On my 39th birthday, I decided that I wanted to run a full marathon before my 40th birthday. I was giving myself a year to get into the shape of my life.
I am a certified personal trainer and have been a focused exerciser for over twenty years. Looking for a very structured plan that would offer variety and intensity I discovered CrossFit, which was new on the scene in my neighborhood. It seemed like a perfect fit.
So what exactly is CrossFit?
According to CrossFit.com “CrossFit is a strength and conditioning system built on constant, varied, (if not randomized) functional movements executed at high intensity.” So in other words, CrossFit takes the movements we should make naturally (running, climbing, lifting, throwing, etc…) and combines them in a workout. They are to be performed quickly (many are timed) and with great power and force.
The workout of the day (referred to as a WOD) is a mixture of Olympic lifts, gymnastics, explosive plyometrics, bodyweight exercises, and endurance drills. You will experience sprints, pull-ups, push-ups, deadlifts, kettlebell swings, and perhaps most notably, the burpee: a full-body exercise also known as squat thrusts.
CrossFit is designed to make you faster, stronger, leaner, and healthier all at the same time.
The CrossFit experience depends on the person. Because of the intensity, it attracts athletes and those with a military background. If you look on the website of any CrossFit gym (known in the industry as a ‘box’) you will typically find pictures of hard bodies doing amazing things. What is less publicized (and more amazing in my opinion) are the less glamorous CrossFitters. Those who have the guts to enter this over the top environment determined to meet their goals.
The first CrossFit gym I joined I met a guy in his mid-sixties named Bob. He had suffered a stroke, which had left him weak and with limited use of one side of his body. He was working one on one with a coach, and his sessions were taking place during my group session. I found his determination inspiring. He never gave up. Not once. He got stronger every session; I could see his mobility and flexibility improving.
I met Anna when I joined my current gym. Her original goals were to lose weight and to conquer her battle with Bulimia. She had already lost over 25 pounds and countless inches. Standing side by side one might think I am stronger (I have her by at least 5 inches) but I assure you she beats me. Every. Single. Time.
As I mentioned, I started CrossFit to condition for my marathon. With my fitness background, I knew how important cross-training was. I had a solid marathon training plan, but a balanced program would involve strengthening my entire body. I started out excited to get a comprehensive workout plan that would push me to my limits. I have a ‘go hard or go home’ type of mentality so I knew I would mesh well.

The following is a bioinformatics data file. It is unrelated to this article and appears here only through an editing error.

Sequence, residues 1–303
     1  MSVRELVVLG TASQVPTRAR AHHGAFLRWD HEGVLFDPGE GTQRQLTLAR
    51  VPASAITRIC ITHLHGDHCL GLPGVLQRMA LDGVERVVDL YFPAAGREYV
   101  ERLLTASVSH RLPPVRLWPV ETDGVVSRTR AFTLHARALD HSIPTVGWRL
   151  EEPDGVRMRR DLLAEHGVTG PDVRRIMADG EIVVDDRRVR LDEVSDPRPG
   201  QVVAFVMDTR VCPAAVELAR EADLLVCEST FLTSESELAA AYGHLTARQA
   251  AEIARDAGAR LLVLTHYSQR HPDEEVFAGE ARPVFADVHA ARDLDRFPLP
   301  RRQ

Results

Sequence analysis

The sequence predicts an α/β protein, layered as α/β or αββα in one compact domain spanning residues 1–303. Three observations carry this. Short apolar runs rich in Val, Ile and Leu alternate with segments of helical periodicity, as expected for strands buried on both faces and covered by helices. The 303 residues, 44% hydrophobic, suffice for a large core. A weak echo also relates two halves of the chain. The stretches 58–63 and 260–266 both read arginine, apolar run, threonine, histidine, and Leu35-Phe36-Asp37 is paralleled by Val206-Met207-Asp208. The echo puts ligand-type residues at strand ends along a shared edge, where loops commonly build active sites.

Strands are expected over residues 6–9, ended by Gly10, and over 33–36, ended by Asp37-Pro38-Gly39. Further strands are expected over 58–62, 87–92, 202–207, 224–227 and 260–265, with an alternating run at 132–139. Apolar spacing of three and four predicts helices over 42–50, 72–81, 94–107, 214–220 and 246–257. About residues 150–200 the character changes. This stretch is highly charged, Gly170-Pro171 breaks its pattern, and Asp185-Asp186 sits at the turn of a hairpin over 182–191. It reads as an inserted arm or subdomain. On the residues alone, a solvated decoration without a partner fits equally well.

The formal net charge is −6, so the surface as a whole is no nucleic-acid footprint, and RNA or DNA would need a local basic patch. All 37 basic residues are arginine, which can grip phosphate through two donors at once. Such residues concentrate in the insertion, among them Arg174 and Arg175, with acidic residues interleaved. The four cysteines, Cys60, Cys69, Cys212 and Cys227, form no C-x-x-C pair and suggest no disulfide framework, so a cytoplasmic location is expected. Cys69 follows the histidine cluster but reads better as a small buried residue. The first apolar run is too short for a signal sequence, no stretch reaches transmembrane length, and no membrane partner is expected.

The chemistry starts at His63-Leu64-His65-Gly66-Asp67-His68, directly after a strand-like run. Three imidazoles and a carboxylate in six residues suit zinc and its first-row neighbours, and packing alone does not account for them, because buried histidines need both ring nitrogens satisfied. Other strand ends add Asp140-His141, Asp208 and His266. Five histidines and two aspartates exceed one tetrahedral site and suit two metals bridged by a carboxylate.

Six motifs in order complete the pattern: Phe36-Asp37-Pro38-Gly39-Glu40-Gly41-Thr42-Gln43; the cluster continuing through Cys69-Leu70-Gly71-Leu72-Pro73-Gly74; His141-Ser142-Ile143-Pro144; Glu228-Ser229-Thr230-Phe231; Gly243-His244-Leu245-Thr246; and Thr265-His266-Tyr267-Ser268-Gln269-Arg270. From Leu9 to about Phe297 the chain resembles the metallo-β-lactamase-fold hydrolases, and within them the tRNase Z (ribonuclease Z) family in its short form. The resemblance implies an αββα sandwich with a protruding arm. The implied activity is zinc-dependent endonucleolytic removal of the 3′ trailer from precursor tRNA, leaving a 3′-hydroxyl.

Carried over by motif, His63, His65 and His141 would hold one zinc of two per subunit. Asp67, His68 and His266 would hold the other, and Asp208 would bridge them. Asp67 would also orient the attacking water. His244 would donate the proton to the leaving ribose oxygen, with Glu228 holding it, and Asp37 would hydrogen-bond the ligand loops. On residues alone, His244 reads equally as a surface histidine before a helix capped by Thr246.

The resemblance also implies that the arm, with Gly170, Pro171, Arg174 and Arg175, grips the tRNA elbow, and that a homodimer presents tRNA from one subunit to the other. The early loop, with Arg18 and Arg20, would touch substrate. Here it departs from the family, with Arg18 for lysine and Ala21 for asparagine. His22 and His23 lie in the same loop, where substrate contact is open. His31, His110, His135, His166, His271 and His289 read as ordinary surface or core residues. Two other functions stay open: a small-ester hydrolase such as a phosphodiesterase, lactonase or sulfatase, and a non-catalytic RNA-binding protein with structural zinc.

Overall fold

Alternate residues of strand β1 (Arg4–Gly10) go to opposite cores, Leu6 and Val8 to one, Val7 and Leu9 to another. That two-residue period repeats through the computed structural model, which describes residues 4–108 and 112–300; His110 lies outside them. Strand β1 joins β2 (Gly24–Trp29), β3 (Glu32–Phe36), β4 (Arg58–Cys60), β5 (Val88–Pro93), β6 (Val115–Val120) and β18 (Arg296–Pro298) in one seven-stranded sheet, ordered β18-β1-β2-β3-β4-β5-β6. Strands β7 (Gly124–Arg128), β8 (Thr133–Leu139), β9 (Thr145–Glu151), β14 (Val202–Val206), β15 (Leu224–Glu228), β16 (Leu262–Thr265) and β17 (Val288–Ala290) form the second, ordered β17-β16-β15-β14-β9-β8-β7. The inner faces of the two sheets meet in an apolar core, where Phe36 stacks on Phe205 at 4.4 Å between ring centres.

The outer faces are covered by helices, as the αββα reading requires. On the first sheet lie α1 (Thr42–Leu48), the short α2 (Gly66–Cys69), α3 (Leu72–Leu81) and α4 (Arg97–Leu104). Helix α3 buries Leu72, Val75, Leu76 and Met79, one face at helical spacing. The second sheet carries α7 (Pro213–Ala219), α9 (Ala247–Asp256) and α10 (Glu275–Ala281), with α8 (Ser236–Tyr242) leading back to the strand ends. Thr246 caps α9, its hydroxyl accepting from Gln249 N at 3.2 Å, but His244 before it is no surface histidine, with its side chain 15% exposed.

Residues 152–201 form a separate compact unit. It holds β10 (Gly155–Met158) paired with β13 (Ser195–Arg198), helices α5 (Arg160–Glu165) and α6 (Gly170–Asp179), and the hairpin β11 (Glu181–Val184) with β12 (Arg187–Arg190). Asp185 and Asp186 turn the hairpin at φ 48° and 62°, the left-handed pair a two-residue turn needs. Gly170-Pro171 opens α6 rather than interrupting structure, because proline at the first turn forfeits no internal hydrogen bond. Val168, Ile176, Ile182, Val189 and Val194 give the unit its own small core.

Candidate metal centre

However, I have never been a huge fan of group fitness, so I was not particularly thrilled about working out with others. I certainly did not expect to connect with them and miss them when they did not make it to a WOD. My experience has turned out to be as much about building relationships as it is about building muscle.
My incredible coach, Carolyn, has taken the time to understand my health problems and encourage me to ‘scale down’, which means lower my intensity when needed. In addition to Anna, I am motivated by each person who comes to our six a.m. sessions. Sessions last anywhere from fifteen to forty-five minutes. Some come every day while others (like me) come two or three days a week. While our goals are different, we are all there to find out exactly what our bodies are capable of.
CrossFit is not everyone
Fitness is an individual experience and it is important to find the right fit for you. It is also important to mention that experiences vary significantly from person to person and from box to box. As with any training program, it is important to speak with your healthcare professional before getting started.
I finished my marathon. My training was full of challenges and I have tons of race stories. Was it better because of CrossFit? Absolutely. I was stronger and my endurance was greatly improved. Most of all, I was confident. After you’ve complete a WOD called ‘Murph’ (1-mile run + 100 pull-ups + 200 push-ups + 300 squats + 1-mile run ) what’s 26.2 miles?
This is a great read. I am a low carb runner who started crossfit last February and loved it. I am on the sidelines now with a stress fracture and I am itching to get back into running and CF!
I do low carb to manage my pre-diabetes and one thing I noticed was that when I added CrossFit, my fasting glucose went down. All that muscle building was burning up my sugars better. It’s crept back up because of being sidelines. Sigh! I will be back into it soon…